Hamin and Isadeen said, early marriage makes Muslim girls vulnerable to financial difficulties in the event the husband is unable or unwilling to provide maintenance, in the case of his death or decision to marry another woman.

GSP+ or national movement

The Muslim Personal Law Reforms Action Group (MPLRAG) stated, in accordance with the international conventions, it has ratified that Sri Lanka is bound to carry out reforms in the “archaic Muslim Marriage and Divorce Act.” The International Covenant on Economic, Social and Cultural Rights (ICESCR) Committee informed Sri Lanka that its Personal Laws are discriminating against women and girls.

Sri Lanka is party to the Convention of All forms of Discrimination Against Women (CEDAW), ICESCR and International Covenant on Civil and Political Rights (ICCPR), all of which stress that the provisions that discriminate against women should be scrutinized.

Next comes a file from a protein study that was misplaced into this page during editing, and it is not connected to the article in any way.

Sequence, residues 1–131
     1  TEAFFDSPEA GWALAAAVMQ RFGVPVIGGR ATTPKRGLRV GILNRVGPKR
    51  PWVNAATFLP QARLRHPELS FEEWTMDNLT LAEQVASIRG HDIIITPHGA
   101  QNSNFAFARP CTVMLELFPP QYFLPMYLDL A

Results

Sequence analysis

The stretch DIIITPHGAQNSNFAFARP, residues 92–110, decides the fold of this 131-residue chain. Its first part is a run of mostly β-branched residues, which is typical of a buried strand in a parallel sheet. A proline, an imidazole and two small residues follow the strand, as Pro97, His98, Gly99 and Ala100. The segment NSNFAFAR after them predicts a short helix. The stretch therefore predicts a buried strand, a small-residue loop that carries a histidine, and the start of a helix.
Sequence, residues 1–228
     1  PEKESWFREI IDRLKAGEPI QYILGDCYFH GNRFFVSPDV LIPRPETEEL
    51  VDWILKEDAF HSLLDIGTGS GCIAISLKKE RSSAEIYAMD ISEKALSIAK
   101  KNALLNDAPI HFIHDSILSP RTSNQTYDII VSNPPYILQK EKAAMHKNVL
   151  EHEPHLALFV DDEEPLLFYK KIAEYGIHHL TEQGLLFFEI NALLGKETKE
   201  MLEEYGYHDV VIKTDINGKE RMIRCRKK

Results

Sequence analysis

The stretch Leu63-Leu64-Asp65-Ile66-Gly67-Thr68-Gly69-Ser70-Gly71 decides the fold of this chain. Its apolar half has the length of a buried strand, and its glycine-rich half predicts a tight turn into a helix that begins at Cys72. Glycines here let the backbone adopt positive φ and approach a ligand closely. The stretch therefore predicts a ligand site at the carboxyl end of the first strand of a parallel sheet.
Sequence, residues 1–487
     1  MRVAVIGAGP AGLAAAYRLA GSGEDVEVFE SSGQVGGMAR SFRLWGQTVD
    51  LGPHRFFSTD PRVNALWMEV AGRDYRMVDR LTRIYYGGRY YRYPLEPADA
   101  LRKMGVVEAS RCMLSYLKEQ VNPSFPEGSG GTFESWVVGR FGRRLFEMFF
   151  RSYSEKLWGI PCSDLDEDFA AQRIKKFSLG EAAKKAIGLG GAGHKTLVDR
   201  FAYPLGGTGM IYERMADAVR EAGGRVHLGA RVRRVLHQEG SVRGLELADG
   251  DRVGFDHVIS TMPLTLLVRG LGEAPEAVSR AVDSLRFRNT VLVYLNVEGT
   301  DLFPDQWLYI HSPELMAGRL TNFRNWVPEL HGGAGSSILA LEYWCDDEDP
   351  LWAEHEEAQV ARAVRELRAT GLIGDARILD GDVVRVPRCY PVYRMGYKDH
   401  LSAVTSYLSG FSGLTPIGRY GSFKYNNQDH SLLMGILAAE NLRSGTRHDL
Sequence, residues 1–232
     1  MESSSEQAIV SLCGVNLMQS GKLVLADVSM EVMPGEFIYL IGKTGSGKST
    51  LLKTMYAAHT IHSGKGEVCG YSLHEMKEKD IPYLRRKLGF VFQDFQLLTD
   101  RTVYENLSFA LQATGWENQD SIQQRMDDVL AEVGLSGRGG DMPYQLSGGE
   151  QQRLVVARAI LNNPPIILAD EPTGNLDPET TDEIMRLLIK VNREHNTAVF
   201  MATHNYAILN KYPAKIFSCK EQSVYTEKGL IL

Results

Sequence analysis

Muslim religious organizations have expressed displeasure over the government’s decision to amend the MMDA, giving way to international pressure. Issuing a statement, All Ceylon Jamiyyathul Ulama (ACJU) said, they “strongly oppose bringing changes in the Muslim Personal Law either due to international pressures or stimulation of any evil forces acting against the Muslims,” and that it is the duty of every one of us to protect these laws which have been implemented since a long period, to date.

However, contrary to the statement issued by the ACJU, its President Mufti M.I.M. Rizwe is said to have been working favourably towards reforming the existing MMDA.